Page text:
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8 Steps to Healthy Eating for Your Child - All about Parenting Toddlers , Issue #006
February 20, 2003

Shaping the life of your precious ones

All about Parenting Toddlers
Issue #006
20 February 2003

In This Issue:

1. Eight Steps to Healthy Eating for Your Child
2. The Three R's of Discipline
3. Is your child ready for potty training?

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Eight Steps to Healthy Eating for Your Child

Eating healthy begins at birth and lasts a lifetime with your child's early development of an interest in nutritious, healthy food. Mealtime becomes a cheerful, welcoming experience when your food preparation is supported by the security of wholesome eating.

By serving three balanced meals and two snacks daily to satisfy your child's appetite, you are already engaged in teaching your child how to eat healthily. Here are eight steps that reinforce healthy eating. Be mindful that good pre-school programs should follow similar steps to enhance your child's growth.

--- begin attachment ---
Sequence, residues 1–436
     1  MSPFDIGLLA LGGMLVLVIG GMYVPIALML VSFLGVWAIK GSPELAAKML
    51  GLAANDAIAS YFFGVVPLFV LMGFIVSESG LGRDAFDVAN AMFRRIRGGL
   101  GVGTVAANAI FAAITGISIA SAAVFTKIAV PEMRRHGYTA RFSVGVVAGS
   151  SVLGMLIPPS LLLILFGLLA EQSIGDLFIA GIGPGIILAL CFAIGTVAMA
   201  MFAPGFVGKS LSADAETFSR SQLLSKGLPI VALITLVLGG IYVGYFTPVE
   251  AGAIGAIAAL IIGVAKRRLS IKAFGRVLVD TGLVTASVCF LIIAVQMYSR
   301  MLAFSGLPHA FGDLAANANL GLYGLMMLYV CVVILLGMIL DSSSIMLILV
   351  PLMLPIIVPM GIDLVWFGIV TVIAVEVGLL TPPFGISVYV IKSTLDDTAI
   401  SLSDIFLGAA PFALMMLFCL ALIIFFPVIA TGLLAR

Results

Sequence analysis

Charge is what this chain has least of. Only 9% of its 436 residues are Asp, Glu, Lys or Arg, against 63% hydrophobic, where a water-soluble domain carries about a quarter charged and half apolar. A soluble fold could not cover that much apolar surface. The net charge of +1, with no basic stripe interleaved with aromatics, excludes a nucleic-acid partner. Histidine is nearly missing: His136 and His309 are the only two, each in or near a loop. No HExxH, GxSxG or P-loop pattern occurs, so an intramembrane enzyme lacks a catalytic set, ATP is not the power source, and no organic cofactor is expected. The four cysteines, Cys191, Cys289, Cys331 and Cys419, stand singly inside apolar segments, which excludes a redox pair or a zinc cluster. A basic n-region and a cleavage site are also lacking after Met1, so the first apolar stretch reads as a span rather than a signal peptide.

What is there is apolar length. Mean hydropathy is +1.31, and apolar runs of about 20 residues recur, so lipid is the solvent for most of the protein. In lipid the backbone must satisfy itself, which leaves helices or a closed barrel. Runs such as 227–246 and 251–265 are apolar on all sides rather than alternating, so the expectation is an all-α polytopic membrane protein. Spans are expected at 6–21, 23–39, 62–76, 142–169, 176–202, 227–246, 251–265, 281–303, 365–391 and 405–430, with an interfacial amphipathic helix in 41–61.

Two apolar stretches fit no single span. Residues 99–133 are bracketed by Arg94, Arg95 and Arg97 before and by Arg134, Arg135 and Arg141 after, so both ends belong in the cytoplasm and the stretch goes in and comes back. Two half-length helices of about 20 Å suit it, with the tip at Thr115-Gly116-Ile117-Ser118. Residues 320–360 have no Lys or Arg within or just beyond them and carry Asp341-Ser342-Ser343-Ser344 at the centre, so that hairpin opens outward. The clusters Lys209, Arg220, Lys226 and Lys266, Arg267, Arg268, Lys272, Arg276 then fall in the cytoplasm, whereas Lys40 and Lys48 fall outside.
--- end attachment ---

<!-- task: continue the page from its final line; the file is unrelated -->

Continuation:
1. Teach your child to wash hands before starting to eat or handle food.

Show that hand washing consists of using soap and rinsing with water before drying the hands with a clean towel. Announce when meals will be served to give your child ample time to wash his hands. Serving meals at a scheduled time also establishes a daily routine for your child so he is more aware of his appetite.

2. Use the food guide pyramid in your food strategy.

Food preferences flare up around ages 2 and 3. Your child may demand familiar foods and express definite food preferences, or he may become extremely fussy and reject many foods. Respect food aversions. Use the food guide pyramid to look for the same nutrients in a variety of foods in the five food groups.

3. Allow your child to make simple choices within each food group.

For example, let him choose between fruits, such as an apple or a pear. Serve finger foods that he can eat with ease. Avoid hard to chew or slippery foods to reduce the risk of choking.